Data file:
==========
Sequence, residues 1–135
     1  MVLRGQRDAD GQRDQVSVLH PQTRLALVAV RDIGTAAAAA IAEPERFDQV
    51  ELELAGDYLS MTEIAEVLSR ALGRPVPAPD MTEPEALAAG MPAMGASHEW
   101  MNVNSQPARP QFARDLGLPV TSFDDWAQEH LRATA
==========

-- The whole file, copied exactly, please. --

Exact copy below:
Sequence, residues 1–135
     1  MVLRGQRDAD GQRDQVSVLH PQTRLALVAV RDIGTAAAAA IAEPERFDQV
    51  ELELAGDYLS MTEIAEVLSR ALGRPVPAPD MTEPEALAAG MPAMGASHEW
   101  MNVNSQPARP QFARDLGLPV TSFDDWAQEH LRATA